Hey my loves! As you guys know, I always try to be open about my life and the experiences I’m going through, whether it’s filler or something more personal, like my struggle with self-love. I always want to be honest with you guys and create a community that’s genuine and authentic.
Today I wanted to talk to you about an extremely personal issue – endometriosis. About six months ago I discovered I have endometriosis and polycystic ovary syndrome (PCOS), and it’s been a really difficult process, but it’s also been life-changing. I now understand the changes that are occurring in my body and I’ve been able to take action.
My Experience with Endometriosis
I’ll be real with you guys, I’ve always had regular periods and no real issues with my female health, which means going to the gyno regularly isn’t something I do, as I didn’t really see any need to. I’ve always had painful periods, but I just thought this was part of life. I also knew that I had cysts from a previous ultrasound (they’re also genetic), but when I visited the gyno for a checkup, I discovered I had way more cysts than I thought. Due to the number of cysts, my gyno ran more tests and I was diagnosed with polycystic ovary syndrome and endometriosis. I don’t know why it took me so long to go to a gyno and I wish I had gone sooner.
Once I realized I had endometriosis, it explained SO much! I was experiencing many of the common side effects of endometriosis and had done my entire life – thick body hair in some areas and hair loss at the front of my hair, not to mention very painful periods and unexplained weight gain.
All of a sudden, a simple diagnosis made sense of all of these things I had been struggling with. I really wish I had gone to see a gynecologist sooner, so if there’s one thing I would really urge you guys to do, it’s to get regular checkups! Now that I know, I also know there’s a chance my daughter may have endometriosis, which means it’s something we can be aware of and treat at the first signs.
Endometriosis is actually way more common than I thought – apparently, 11% of American women between 11 and 44 have it – but a lot of women don’t realize they have it. So, I think even if you feel okay, it’s worth going to see your doctor or gyno regularly to check your hormones and ovaries.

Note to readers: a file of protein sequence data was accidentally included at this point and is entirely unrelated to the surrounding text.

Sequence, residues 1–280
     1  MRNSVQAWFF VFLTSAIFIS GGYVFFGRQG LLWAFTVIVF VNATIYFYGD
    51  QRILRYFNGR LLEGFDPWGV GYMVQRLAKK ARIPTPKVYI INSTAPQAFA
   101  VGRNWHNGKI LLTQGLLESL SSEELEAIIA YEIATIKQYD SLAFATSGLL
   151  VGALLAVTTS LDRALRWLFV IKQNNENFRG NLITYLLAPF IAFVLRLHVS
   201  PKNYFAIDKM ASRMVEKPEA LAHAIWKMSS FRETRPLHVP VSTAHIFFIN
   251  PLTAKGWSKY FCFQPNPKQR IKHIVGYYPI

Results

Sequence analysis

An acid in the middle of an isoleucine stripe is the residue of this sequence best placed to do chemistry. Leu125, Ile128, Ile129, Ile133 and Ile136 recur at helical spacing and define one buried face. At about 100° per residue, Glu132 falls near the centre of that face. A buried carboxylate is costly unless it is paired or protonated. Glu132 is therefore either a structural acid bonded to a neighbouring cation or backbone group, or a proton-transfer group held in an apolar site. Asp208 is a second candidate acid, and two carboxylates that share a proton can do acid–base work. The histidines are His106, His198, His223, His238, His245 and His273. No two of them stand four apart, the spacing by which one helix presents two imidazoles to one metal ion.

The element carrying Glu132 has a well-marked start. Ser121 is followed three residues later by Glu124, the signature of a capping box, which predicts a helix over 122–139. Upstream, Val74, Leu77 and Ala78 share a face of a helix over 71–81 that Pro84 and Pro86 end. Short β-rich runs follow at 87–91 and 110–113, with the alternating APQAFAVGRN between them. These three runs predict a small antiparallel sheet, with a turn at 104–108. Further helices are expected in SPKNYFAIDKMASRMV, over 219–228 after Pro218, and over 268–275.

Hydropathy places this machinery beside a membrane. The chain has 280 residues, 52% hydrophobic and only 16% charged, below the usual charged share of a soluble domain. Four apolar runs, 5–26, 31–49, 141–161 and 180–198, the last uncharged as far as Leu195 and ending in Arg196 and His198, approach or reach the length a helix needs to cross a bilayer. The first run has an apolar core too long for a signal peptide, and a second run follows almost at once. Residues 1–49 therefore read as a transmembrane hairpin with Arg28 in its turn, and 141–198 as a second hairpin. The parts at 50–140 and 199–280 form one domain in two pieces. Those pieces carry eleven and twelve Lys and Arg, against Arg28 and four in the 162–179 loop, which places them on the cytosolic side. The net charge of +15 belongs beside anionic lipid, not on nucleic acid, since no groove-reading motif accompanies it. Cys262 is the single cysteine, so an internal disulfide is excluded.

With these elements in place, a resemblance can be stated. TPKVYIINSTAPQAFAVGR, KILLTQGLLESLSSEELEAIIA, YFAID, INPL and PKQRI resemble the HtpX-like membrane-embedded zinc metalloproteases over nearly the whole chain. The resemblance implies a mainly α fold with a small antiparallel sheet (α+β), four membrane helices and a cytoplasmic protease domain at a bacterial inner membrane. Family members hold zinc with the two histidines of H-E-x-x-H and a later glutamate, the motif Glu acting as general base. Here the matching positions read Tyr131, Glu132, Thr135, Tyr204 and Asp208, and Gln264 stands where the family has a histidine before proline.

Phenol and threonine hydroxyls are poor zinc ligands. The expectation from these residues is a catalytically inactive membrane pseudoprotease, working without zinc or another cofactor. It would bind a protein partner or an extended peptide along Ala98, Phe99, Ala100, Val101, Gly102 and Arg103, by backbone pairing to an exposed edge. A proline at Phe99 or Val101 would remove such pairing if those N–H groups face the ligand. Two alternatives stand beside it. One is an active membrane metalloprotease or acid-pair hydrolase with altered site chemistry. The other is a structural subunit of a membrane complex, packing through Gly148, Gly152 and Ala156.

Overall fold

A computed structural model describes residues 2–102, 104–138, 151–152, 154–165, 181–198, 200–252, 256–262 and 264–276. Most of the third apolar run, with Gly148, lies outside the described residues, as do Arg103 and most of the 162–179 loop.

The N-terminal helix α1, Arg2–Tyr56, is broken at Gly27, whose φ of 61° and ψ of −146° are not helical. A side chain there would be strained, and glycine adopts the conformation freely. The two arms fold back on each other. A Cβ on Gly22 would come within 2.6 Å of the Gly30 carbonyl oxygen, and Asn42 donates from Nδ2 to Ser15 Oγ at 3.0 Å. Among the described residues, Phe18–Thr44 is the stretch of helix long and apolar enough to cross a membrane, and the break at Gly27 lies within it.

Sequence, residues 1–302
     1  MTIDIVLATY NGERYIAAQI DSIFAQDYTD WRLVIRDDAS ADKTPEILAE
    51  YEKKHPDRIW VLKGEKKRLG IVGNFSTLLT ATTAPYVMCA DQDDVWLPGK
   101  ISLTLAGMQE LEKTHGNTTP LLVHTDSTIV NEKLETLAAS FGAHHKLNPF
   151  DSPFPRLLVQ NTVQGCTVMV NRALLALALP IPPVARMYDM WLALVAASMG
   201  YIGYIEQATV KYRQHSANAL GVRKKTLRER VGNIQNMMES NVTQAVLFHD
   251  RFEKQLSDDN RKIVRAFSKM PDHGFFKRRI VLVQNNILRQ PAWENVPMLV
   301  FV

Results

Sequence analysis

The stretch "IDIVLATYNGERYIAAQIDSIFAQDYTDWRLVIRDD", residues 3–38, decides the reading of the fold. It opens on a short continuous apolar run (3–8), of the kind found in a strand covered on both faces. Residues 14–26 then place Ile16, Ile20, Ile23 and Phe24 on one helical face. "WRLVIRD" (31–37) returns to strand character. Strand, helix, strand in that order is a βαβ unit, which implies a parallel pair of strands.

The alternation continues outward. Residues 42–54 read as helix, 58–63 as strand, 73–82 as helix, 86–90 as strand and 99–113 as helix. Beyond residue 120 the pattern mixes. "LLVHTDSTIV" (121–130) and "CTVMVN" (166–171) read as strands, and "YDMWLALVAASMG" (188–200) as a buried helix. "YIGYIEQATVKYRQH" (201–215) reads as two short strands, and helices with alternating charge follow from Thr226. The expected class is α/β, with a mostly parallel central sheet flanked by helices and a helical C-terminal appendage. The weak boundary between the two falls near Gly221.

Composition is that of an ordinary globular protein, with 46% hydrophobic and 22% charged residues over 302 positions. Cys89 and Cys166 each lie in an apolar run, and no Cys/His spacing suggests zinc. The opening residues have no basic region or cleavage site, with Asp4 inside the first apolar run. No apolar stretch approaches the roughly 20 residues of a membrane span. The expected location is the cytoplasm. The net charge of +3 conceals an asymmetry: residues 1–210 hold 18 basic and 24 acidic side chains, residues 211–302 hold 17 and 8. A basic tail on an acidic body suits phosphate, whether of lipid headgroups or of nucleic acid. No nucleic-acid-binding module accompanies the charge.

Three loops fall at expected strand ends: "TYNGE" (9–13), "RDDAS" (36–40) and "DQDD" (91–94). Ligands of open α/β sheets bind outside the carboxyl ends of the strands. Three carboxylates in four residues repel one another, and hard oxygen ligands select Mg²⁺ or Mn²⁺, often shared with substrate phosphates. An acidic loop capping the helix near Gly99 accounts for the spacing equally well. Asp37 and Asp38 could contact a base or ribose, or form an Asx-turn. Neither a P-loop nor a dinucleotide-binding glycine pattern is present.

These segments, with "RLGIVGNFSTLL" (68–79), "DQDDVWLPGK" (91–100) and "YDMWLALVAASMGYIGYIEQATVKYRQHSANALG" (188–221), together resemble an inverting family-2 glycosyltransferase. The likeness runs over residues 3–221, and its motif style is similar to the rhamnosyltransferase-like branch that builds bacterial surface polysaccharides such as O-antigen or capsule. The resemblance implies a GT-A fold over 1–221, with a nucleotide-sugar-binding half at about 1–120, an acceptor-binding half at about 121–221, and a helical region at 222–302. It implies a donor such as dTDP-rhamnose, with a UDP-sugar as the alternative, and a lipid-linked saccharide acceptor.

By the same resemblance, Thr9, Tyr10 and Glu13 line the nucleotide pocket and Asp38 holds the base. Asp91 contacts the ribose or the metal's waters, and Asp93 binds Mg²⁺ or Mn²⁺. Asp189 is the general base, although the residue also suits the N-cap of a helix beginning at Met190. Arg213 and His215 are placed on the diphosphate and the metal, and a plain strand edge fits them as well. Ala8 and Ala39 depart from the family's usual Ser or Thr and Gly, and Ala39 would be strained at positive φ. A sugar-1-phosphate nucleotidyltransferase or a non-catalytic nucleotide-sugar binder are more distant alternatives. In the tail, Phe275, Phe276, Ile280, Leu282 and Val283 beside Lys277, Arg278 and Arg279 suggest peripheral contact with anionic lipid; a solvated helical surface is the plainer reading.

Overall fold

As well as sharing my experience with you guys, I also wanted to give you guys all the info on endometriosis, so we got in touch with three world-renowned gynecologists; Rebecca Booth, M.D. Gynecologist, Co-Founder of VENeffect Anti-Aging Skin Care, Dr. Sherry A. Ross, Women’s Health Expert and Author of she-ology. The Definitive Guide to Women’s Intimate Health. Period, and Mary Jane Minkin, Professor in the Department of Obstetrics, Gynecology, and Reproductive Sciences at the Yale University School of Medicine. If you’re not sure what endometriosis is or how it might affect you, it’s worth reading about it so that you can look out for signs. Here’s everything you need to know:
What Is Endometriosis?
“Simply put, endometriosis occurs when the lining of the uterus (the endometrium) is displaced and ends up in areas that it shouldn’t be,” Dr. Booth tells us, explaining that places that the endometrium can spread to other than the uterine cavity include “the surface of the ovaries or in the hollow sidewalls of the pelvic space itself.”
Dr. Booth also tells us that as endometriosis progresses, sometimes it syncs with your period; “Menstrual glands actually begin to grow and may cycle with a woman’s hormones. The displaced endometrium will begin secreting inflammatory molecules and even blood when a woman is in the menstrual phase of her cycle. This can cause pain, worsening cramps, pain with intercourse, and many other symptoms of inflammation in the pelvis.”
This can also cause inflammation in the pelvis, which Dr. Booth says “May have a negative impact on future fertility.” However, she assures us that “most women with endometriosis are fertile.”
If you’re still a bit confused – understandable, as that’s a lot of science-talk – Dr. Minkin explains it further, telling us “Imagine that with your period, instead of the lining of the uterus coming out of the cervix into the vagina and out again, that it’s backed up (‘retrograde flow’ is the fancy term) into the Fallopian tubes, causing the tissue to be planted all over the pelvis, taking up residence there and bleeding. For example, when you had your period, instead of it coming out the vagina, it bleeds into the abdomen.”
Dr. Minkin adds that while endometriosis is most commonly found in the ovary and the abdomen, it can also “grow in the lining of the lung (pleural) cavity. In those cases, women can actually bleed into their chests.” We know this sounds scary but it just goes to show how important it is to get regular checks to ensure your endometriosis does not progress unknowingly to this stage. If you OBGYN suspects you may have endometriosis, they will perform a biopsy, which involves taking a small tissue sample from the ovaries, which is then examined under a microscope.
CRAZY FACT: While we were discussing why hormonal issues are so common, Dr. Booth told us “the pelvis and uterus are not prepared for years and years of unsuppressed menstruation,” as the assumption of our body “is that we will be either pregnant or nursing most of our reproductive years.”
What Causes Endometriosis?
While the symptoms and methods of treatment of endometriosis are clear, the cause still remains undetermined. Dr. Ross explains: “Some believe it’s due to an immune system disorder while others believe your period blood backflows into the pelvic cavity leaving endometrial glands behind.”